When adultery shatters their relationship, both partners lose something. The betrayed feel as if they will never be able to trust or love wholeheartedly again. The betrayers feel they will never again find such flawless, undemanding love.
Both sides must mourn these losses before they can change and move on. Like any grief, the sorrow for a dead relationship goes through stages: denial, anger, guilt and acceptance. All stages must be experienced before couples can find forgiveness and rebirth. The process requires great courage, determination and stamina nor--nobr but the reward is lasting Real-Life-Love. You cannot ignore or obliterate these feelings. You cannot forgive and reform your life while you are ruled by resentment, bitterness and hurt. You can't deny your emptiness, although a sad number of people try to do so.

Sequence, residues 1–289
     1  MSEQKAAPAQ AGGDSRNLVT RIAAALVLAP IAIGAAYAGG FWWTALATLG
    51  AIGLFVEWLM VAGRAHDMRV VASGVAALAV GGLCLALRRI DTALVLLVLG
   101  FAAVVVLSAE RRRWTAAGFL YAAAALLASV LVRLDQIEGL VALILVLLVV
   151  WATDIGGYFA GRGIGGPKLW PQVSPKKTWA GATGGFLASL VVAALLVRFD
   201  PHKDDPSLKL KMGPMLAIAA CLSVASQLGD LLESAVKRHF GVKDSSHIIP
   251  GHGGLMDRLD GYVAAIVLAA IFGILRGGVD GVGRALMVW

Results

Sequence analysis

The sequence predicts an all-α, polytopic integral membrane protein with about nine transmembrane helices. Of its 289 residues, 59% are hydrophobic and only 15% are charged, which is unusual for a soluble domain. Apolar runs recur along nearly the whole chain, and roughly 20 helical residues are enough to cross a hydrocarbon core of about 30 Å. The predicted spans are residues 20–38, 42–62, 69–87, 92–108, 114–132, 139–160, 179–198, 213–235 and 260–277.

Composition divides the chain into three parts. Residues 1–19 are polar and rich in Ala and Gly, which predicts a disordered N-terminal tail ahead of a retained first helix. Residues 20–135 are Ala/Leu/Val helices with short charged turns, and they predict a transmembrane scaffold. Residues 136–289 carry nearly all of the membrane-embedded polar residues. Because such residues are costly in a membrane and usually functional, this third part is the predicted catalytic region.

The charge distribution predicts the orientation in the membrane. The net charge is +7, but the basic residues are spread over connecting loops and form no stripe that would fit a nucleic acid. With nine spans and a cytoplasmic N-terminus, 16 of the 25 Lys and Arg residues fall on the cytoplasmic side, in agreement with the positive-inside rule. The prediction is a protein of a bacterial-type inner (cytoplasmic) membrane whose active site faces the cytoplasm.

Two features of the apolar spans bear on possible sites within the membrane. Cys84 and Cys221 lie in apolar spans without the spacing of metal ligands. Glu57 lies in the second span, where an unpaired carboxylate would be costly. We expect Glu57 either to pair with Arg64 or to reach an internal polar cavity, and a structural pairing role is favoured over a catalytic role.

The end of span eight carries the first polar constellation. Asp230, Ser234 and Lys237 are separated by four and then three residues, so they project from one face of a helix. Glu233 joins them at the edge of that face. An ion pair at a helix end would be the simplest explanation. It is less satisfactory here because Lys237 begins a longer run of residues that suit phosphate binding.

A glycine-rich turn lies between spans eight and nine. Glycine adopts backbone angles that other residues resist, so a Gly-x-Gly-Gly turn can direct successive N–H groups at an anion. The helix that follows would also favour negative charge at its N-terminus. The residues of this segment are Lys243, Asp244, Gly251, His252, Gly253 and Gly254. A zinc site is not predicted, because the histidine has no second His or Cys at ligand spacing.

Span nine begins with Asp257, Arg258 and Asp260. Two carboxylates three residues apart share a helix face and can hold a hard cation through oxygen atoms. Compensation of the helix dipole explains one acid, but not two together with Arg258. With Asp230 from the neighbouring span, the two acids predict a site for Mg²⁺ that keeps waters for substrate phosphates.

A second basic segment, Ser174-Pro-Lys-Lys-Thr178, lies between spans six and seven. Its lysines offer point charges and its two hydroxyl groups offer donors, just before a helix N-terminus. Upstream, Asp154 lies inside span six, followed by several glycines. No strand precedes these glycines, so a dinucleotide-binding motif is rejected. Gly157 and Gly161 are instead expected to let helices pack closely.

What the Deceived Must Do to Heal
Allow yourself to grieve for your old untarnished relationship. Read more ...
What the Betrayer Must Do to Heal
First of all, you must renounce the adulterous affair in order to rebuild the marriage. No change in the relationship can occur as long as one partner keeps running to an escape hatch. Read more ...
- Allow yourself to regret the end of your old untarnished relationship.
- Do not, however, dwell in the past, sighing about how wonderful things used to be. Obviously, matters were not perfect, or no affair would have taken place!
- Acknowledge both the good and bad aspects of the marriage and your contribution to each.
- Understand that your spouse is hurting too. It can be extraordinarily hard to abandon an affair. At the very least, your mate will miss the excitement and the uncomplicated passion and enjoyment -- the feel-good, chocolate-cake aspects of extramarital love. What's more, an unfaithful partner will feel guilt and sorrow for the pain inflicted on the spurned lover.